Last night, here in Iowa, Julia’s mom gave me an article she has saved for me about Elie Wiesel talking in a church. Mr. Wiesel confessed that he was only able to speak and sing in this church because he was able to put aside his anger and recognize that not all Christians had turned their backs on the Jews during the holocaust.  What he said after that was what had stayed with the author of the article ever since:

“I believe people who can stand together and sing together, can live in peace together.” – Elie Wiesel

Even in the midst of all this heart wrenching unrest and the Civil Liberties that we still need to stand for here in America and around the world, remembering our harmony will help us to sing as we stand.  I believe our internal harmony bridges the gap between us.

May you hold the chord, even as you struggle to regain your voice within the silence of yearning.


Flipping the switch- turning ‘me’ off for freedom

Sri Nisargadatta: “You are not experiencing suffering; you are suffering your experiencing.”
Mooji: “As long as you believe you are the body and your mind is your self, you will remain bound…
…If you hold to the intuition, the sense ‘I am’, and do not allow this to connect with any other concept, if you just let the ‘I am’ incubate in itself, immediately joy and space prevail. Spontaneously, there is the silent and intuitive conviction that confirms, ‘I am timeless, unbound being.’ This is not a teaching; it is a powerful inner experience. Inexplicable.”*-  *from Before I AM/ Mooji
This week I have been experimenting with what Mooji is describing above.  That is leaving the identification with my name, status, and endless neurotic traits to actively be inside a happy conscious spaciousness.  The ability to lay down the burden of ‘me’ is wonderful.  As I described last week, I am not able to do this all the time but I’ve been playing with the idea of flipping a switch and turning ‘me’ off and turning on ‘I am’.  It has been especially fun doing it while playing music.  So often as a performer, I have been chained to what the audience thinks of ‘me’ and how I am doing.  We often talk about doing great things when we get ourselves out of the way. This wide-open waking meditative connection with what is here without my body and mind demanding to be center stage, is very satisfying, loving and doesn’t prevent anything from getting done.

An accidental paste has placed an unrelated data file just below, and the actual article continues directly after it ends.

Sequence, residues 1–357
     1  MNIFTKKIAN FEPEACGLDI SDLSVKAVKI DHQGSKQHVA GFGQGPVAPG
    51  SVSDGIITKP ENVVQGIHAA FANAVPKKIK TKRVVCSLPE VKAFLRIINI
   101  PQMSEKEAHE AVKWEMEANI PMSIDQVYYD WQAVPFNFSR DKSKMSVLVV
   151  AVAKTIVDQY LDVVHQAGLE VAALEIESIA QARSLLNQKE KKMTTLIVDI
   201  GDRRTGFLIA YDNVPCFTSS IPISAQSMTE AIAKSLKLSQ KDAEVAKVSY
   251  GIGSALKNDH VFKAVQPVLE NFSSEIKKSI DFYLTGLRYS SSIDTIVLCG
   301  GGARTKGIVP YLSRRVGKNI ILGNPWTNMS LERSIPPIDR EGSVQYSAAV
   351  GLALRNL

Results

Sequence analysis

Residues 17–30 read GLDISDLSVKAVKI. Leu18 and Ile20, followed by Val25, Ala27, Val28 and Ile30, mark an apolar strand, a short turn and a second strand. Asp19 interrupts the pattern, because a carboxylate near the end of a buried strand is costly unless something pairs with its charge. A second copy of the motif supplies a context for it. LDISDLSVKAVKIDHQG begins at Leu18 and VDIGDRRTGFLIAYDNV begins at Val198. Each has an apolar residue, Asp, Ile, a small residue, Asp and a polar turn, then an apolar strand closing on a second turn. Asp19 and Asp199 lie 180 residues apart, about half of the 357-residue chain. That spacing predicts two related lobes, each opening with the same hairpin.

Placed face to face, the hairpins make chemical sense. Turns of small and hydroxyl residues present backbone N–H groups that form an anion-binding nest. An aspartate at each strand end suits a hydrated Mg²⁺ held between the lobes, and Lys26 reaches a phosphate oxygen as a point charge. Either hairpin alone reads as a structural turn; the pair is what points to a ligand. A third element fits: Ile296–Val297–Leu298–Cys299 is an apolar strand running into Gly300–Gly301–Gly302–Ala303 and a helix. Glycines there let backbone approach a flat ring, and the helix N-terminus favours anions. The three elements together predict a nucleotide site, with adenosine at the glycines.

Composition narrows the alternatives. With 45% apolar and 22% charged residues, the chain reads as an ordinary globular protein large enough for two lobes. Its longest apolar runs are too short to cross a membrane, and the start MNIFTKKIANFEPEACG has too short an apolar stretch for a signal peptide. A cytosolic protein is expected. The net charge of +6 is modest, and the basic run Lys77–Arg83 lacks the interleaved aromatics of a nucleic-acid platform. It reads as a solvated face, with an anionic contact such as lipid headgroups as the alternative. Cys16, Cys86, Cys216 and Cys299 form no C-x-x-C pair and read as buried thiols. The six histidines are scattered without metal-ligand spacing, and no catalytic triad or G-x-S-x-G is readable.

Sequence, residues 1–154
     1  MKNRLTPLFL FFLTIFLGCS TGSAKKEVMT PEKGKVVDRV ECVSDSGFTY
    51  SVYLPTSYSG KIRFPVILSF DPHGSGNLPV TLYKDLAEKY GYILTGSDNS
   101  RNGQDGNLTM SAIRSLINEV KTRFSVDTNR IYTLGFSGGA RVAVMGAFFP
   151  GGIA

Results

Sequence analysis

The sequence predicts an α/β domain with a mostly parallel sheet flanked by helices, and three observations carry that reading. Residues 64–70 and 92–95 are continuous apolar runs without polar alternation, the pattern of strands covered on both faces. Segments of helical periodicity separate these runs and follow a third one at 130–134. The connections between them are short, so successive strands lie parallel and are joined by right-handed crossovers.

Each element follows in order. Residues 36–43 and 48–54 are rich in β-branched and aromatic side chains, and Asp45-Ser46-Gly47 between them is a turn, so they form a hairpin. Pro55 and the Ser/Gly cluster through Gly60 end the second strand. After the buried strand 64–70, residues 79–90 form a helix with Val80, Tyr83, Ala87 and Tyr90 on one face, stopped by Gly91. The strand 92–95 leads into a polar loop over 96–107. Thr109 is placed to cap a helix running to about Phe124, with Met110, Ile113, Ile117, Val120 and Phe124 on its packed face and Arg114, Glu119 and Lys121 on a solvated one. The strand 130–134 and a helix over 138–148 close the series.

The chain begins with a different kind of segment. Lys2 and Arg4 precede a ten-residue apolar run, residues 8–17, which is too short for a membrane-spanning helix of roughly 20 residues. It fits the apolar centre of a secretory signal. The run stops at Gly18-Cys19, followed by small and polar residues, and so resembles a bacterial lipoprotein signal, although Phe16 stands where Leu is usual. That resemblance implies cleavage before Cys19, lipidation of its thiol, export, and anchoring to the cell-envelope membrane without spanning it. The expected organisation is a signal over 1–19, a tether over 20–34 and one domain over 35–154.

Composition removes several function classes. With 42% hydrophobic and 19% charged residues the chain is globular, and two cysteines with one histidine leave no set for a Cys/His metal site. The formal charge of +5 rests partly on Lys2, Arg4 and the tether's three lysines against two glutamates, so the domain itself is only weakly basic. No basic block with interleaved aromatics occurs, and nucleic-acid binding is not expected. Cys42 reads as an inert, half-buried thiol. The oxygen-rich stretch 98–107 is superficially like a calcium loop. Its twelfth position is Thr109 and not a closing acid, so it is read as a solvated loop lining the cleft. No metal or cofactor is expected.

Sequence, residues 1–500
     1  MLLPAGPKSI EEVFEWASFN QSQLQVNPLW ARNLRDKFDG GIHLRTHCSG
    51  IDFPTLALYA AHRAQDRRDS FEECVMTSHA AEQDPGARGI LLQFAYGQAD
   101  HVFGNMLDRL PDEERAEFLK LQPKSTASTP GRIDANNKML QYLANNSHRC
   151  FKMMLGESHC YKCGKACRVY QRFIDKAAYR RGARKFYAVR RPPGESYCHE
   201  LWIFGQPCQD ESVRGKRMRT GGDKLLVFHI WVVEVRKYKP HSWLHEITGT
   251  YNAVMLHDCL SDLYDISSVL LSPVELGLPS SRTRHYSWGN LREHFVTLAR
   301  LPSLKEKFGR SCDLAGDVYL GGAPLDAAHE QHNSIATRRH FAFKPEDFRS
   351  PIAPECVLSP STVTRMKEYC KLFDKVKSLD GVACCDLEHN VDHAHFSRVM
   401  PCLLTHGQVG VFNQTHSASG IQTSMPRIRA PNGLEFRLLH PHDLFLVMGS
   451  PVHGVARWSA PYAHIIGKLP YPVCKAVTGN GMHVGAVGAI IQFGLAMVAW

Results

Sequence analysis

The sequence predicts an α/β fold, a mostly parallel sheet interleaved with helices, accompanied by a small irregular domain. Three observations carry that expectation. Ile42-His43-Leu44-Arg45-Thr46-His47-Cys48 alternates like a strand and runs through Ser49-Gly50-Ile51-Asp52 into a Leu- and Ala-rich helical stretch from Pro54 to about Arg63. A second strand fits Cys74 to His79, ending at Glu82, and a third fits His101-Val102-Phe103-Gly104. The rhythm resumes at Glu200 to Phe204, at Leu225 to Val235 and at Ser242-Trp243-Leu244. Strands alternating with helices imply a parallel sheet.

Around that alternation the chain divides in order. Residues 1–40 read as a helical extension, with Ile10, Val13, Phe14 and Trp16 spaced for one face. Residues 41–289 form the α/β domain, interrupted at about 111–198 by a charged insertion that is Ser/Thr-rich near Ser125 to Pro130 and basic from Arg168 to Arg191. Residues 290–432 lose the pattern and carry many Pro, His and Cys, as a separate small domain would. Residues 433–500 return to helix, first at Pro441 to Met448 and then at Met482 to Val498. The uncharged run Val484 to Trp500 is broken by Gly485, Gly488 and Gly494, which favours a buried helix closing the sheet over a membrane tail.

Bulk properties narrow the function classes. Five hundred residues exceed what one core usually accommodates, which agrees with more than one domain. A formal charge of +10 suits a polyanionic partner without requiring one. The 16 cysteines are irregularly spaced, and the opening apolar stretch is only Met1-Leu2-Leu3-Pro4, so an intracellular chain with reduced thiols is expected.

The challenge is remembering and being able to flip the switch.  Sometimes it is a light switch, sometimes it is a weighted lever, sometimes my mind convinces me not to want to.
This particular take on connecting to the stream is new to me but of course, it is very ancient.  In being able recognize that our form is just cosmic play- changing, decaying, reforming, we can celebrate our diversity not as tolerance but as the kaleidoscope winking at our ‘eye/I’.
With this in mind, here is a lyrical take on the Gettysburg Address from the play Hair:
Four score and seven years ago
Oh, sock it to em’ baby, your sounding better all the time
Our forefathers, I mean all our forefathers
Brought forth upon this continent a new nation.
Oh, come on and stroke me Stokely*!
Conceived, conceived like we all was, in liberty
And dedicated to the one I love
I mean, Dedicated to the proposition
That aaaaall men….honey, I tell you all men,  are created equal.”
-Abe, Baby
And women too, of course!
Formless in form, let the play begin!
*- “There is a higher law than the law of the government. That’s the law of conscience.”
– Stokely Carmichael